“So far it’s a little bit discouraging. Congressmen are trying to take pot shots at Bernanke. But I think he’s holding his own. My subjective probability on the chances of his reappointment has fallen but I still think it’s above 50 percent, while it may be expedient now for Washington to blame not reappointing him would send a bad signal. It would shake some confidence in the markets, especially with foreign investors. Anyone they put in there would be seen as a White House plant.”
CHRIS RUPKEY, CHIEF FINANCIAL ECONOMIST, BANK OF TOKYO/MITSUBISHI UFJ, NEW YORK:
“People are transfixed here watching it. The market is quiet today anyway. At the moment it looks like it’s something of a history of what transpired back in October, November and December. Bernanke does seem to be under some pressure by members of the committee. People are a little surprised at the aggressiveness of this. In the market we’d like to think this is a sideshow. It seems to be the Republicans doing most of the aggressive questioning.
“There’s no broad implication here for the markets about the credit easing. Chairman Bernanke is the architect of the Fed’s credit easing process. I don’t we’re going to see the dismantling of these programs.
“Maybe this is just the first shot across the bow of the hearings we’re likely to see in coming years over the greatest financial crisis we’ve seen since the Great Depression. I’m sure there’s going to be a lot more finger-pointing in the next few years as people talk about which financial entity went bust first. It does have a kind of a Watergate feel to it. It’s kind of overblown. I don’t know where this is going. Are they trying to protect the shareholders of Bank of America? It seems to be a tempest in a teapot. It’s a sidebar issue that seems very small given the gravity of events that were taking place at the time. It was a very difficult period. I don’t know what the ultimate goal of this. I don’t know what they’re trying to achieve. You need the main actor here, the architect of the TARP, former Treasury Secretary Henry Paulson.”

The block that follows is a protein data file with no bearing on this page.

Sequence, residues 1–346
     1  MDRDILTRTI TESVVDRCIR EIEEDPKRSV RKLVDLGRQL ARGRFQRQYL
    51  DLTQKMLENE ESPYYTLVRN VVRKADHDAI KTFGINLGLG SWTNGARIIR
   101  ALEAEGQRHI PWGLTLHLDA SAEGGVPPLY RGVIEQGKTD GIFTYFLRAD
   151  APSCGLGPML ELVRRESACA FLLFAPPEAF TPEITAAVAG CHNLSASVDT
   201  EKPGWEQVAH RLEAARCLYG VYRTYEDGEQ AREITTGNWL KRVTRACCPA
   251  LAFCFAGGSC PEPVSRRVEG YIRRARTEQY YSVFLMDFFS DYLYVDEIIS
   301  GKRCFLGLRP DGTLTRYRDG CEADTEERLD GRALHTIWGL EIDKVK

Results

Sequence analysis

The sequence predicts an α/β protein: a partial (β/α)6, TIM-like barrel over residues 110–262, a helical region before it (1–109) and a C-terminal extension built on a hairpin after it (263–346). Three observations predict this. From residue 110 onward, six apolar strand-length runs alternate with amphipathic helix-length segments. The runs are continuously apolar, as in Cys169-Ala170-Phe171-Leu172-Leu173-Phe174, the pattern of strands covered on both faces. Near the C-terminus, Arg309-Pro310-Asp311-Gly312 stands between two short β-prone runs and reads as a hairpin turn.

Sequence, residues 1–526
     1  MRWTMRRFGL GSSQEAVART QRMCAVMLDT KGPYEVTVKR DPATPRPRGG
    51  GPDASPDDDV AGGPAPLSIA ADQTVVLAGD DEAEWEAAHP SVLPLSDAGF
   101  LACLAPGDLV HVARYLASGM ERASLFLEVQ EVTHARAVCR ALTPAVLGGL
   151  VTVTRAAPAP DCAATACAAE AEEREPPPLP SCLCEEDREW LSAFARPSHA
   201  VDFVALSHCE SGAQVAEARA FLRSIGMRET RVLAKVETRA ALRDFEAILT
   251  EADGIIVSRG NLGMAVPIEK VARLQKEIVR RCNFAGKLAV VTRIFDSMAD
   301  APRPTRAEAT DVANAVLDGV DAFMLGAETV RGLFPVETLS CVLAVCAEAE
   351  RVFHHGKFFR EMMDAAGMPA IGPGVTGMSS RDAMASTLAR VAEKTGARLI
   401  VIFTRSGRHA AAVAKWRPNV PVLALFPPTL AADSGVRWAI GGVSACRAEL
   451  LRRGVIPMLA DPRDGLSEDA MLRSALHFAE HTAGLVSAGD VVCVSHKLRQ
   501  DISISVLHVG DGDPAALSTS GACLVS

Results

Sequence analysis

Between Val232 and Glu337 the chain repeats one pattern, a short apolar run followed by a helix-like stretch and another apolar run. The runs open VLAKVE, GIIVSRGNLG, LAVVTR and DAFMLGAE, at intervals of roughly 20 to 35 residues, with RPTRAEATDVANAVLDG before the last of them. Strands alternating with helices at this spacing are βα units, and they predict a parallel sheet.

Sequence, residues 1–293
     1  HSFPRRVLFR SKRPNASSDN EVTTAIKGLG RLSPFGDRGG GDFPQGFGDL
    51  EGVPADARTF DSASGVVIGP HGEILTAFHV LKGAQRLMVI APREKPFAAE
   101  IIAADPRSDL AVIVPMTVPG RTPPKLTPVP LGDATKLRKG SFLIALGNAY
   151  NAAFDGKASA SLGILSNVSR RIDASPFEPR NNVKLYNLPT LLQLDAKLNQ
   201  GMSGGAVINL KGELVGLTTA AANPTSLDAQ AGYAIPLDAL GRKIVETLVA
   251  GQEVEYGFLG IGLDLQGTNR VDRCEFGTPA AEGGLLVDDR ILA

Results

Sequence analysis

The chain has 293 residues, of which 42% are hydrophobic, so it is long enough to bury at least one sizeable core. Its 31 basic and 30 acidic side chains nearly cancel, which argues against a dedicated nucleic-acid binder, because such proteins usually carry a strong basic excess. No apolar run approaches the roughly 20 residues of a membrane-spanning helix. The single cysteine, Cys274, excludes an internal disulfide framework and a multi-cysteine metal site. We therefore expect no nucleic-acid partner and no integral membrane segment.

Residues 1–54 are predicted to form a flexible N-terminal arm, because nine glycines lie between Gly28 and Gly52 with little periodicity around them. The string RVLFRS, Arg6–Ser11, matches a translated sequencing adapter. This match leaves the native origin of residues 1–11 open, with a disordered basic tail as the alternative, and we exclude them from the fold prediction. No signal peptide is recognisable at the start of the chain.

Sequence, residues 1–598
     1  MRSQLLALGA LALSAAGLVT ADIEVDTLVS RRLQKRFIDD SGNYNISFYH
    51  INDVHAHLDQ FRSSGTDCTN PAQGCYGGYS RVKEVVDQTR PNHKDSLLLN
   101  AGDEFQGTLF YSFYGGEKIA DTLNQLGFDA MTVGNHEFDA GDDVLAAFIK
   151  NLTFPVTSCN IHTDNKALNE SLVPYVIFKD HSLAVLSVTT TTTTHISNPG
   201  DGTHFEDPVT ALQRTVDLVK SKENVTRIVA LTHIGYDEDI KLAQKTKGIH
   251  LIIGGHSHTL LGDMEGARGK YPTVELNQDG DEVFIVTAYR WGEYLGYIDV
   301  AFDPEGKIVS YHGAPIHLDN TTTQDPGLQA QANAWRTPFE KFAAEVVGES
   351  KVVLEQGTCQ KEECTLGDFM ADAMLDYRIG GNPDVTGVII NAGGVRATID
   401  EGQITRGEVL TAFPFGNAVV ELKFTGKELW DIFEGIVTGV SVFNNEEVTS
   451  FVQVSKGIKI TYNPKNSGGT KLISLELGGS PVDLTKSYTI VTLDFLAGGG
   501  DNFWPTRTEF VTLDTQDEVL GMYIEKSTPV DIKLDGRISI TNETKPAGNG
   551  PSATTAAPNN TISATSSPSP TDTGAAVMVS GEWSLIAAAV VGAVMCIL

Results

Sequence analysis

PETER KENNY, MANAGING DIRECTOR, KNIGHT EQUITY MARKETS, JERSEY CITY, NEW JERSEY:
“I think that most of the Street is looking at the testimony and shaking their heads. I think it is a witch hunt, and that most people think it’s a waste of time to even hold the hearings. Bernanke has done a job that few men could even have accomplished. There’s no argument about that.
“I don’t think he’s influencing the markets. That’s a good thing. Any influence he could have would be negative. The only risk to anything he would say that would surprise the market would be a negative. So far, he hasn’t said anything surprising.
“The movement in the market today is being driven by trade in miners and the commodities space. The group has been oversold recently and now there are people on the buy side.”
JOE SALUZZI, CO-MANAGER OF TRADING, THEMIS TRADING, CHATHAM, NEW JERSEY:
“The market is holding and watching this very carefully. But you have to be careful, I don’t think he’s going to say anything to incriminate himself or anything like that, I’m personally looking at tone. Bottomline is, what they did back then, did it save the system — yes. Did it help — yes. But the question is, ‘did you overstep your bounds?’ And the question to me is, ‘what happens the next time?’ Do you overstep again? Do you change the rules of the game during the game as it goes as it goes. This has been happening a lot lately where they change the rules midstream. So that will undermine investor confidence, that’s my problem. You have to be careful.”